Document Type


Date of Degree

Spring 2019

Access Restrictions

Access restricted until 07/29/2021

Degree Name

PhD (Doctor of Philosophy)

Degree In


First Advisor

Lear, Bridget C

First Committee Member

Prahlad, Veena

Second Committee Member

Kitamoto, Toshihiro

Third Committee Member

Johnson, Wayne

Fourth Committee Member

Kay, Alan


Circadian clocks drive the daily patterns of behavior and physiology observed in most organisms. These internal clocks allow organisms to advantageously align their behavior to daily cycles in the environment such as light and temperature. The fruit fly Drosophila displays many robust, daily behavioral rhythms including discrete bouts of locomotor activity at dawn (i.e. morning activity) and dusk (i.e. evening activity). The molecular clocks that drive these daily activity bouts are found in approximately 150 circadian pacemaker neurons in the fly brain. Interestingly, the timing of the molecular clocks is synchronous between all pacemaker neurons, yet different subsets of these neurons appear to make quite different contributions to the regulation of morning vs. evening activity. It remains poorly understood how the molecular circadian clock drives daily rhythms in pacemaker neuron activity or how the activities of different groups of pacemaker neurons combine to produce complex behavioral output.

The overall goal of this thesis is to characterize how different subsets of Drosophila pacemaker neurons contribute to daily behavioral regulation both individually and as a network. To examine daily patterns of neuronal activity in different groups of circadian clock neurons, we have established imaging methods using genetically encoded fluorescent sensors. For these sensors, changes in fluorescence levels correspond to changes in neuronal activity, thus allowing us to measure neuronal activity patterns in real-time and throughout the day. Using these tools, I have characterized the daily activity patterns of different groups of the clock neurons that agree with published rhythms in activity as assessed by patch-clamp electrophysiology and calcium imaging

We have also used genetic and molecular approaches such as RNA interference (RNAi) to alter gene expression in a tissue-specific manner. These approaches allow us to manipulate the function of different groups of clock neurons and to determine how these manipulations affect rhythmic behavior and neuronal activity patterns. We have silenced different subsets of circadian pacemaker neurons using RNAi knockdown of the NARROW ABDOMEN (NA) sodium leak channel and identified a complex role for a subset of the posterior dorsal neurons 1 (DN1p) in regulating locomotor behavior. The DN1p are known to be involved in promoting morning behavior, and recent studies have shown that a subset of the DN1p regulate midday sleep bouts via downstream sleep regulating neurons. Our data suggest that the DN1p neurons likely suppress midday activity through inhibition of other circadian pacemaker neurons, and that this inhibitory role can be compensated for by light.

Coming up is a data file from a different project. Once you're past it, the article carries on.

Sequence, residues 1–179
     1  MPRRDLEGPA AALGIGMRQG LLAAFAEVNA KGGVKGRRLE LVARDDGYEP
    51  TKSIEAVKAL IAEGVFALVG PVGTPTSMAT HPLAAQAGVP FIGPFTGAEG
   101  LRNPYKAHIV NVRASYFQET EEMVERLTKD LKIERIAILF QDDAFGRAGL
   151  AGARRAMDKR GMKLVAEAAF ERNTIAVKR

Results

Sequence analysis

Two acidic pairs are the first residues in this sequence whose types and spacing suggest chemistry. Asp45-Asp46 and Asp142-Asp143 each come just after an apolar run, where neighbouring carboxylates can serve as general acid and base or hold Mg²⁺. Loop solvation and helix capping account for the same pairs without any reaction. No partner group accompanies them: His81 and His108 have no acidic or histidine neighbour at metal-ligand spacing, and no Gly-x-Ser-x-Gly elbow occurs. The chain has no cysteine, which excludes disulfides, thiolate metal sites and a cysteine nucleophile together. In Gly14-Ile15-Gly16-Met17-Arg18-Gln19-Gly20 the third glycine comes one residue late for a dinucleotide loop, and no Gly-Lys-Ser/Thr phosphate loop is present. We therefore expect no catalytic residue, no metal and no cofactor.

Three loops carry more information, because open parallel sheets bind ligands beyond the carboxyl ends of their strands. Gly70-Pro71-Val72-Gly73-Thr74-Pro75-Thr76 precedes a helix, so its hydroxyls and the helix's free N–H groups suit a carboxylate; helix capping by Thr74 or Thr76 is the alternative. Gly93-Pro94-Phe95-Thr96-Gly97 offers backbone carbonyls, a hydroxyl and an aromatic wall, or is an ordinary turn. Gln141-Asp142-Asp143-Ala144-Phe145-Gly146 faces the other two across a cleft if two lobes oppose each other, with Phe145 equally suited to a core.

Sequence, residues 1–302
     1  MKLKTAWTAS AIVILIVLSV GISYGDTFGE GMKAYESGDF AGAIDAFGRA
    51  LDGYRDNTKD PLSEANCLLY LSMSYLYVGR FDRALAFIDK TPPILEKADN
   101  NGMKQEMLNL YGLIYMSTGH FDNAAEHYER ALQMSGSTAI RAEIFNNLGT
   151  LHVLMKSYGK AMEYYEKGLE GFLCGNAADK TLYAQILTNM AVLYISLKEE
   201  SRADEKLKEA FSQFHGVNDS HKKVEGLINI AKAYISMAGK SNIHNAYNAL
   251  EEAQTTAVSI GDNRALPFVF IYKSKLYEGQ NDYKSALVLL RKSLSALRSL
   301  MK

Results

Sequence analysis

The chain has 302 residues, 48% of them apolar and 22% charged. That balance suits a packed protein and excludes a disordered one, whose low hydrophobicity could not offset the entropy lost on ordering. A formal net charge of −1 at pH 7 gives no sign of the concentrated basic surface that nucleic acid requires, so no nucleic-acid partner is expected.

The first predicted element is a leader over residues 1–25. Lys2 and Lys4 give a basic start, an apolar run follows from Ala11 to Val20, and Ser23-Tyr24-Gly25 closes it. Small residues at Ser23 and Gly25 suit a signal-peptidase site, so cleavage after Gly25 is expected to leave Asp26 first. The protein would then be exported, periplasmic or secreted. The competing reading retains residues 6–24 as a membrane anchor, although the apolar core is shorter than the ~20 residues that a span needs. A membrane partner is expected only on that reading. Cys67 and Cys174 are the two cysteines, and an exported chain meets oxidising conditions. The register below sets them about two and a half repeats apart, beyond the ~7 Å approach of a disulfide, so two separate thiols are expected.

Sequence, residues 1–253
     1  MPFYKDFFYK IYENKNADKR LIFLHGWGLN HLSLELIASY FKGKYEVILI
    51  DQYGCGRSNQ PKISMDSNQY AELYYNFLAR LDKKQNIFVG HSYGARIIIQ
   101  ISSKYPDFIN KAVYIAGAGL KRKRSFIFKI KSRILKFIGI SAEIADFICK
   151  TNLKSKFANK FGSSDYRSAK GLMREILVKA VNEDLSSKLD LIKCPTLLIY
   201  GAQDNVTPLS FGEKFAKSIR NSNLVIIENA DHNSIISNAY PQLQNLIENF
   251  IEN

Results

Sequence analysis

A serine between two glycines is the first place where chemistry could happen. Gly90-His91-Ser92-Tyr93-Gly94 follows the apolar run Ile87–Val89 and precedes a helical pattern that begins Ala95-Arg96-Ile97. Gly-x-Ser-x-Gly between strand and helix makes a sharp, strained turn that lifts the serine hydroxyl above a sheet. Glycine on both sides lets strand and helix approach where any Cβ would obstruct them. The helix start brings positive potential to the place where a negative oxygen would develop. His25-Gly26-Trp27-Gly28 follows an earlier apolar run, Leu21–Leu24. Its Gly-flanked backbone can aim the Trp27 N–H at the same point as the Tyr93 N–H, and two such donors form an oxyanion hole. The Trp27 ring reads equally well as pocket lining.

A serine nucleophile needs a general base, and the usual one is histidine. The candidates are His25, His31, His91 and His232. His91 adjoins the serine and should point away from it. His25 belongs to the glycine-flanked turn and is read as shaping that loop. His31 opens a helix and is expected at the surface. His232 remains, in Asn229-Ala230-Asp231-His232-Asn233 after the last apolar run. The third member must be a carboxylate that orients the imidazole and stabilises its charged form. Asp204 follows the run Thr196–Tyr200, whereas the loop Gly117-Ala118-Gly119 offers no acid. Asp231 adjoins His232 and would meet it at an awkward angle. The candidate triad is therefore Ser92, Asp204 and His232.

Finally, we have also examined the intracellular mechanisms regulating circadian neuronal output. Rhythmic activity of the NA leak channel and its mammalian ortholog (NALCN) have been shown to contribute to daily excitability rhythms in circadian pacemaker neurons. We used temporally-restricted expression of RNAi and rescue constructs to identify a developmental requirement for the NA channel complex in Drosophila, and we demonstrate that channel complex proteins are very stable in the Drosophila brain. These data suggest that circadian regulation of the NA channel in adults may involve post-translational mechanisms that control activity and not just expression of the channel complex.


ArcLight, Circadian, DN1p, Drosophila, LNd, Narrow Abdomen


xiv, 152 pages


Includes bibliographical references (pages 143-152).


Copyright © 2019 Stephanie Jean Haase

Available for download on Thursday, July 29, 2021

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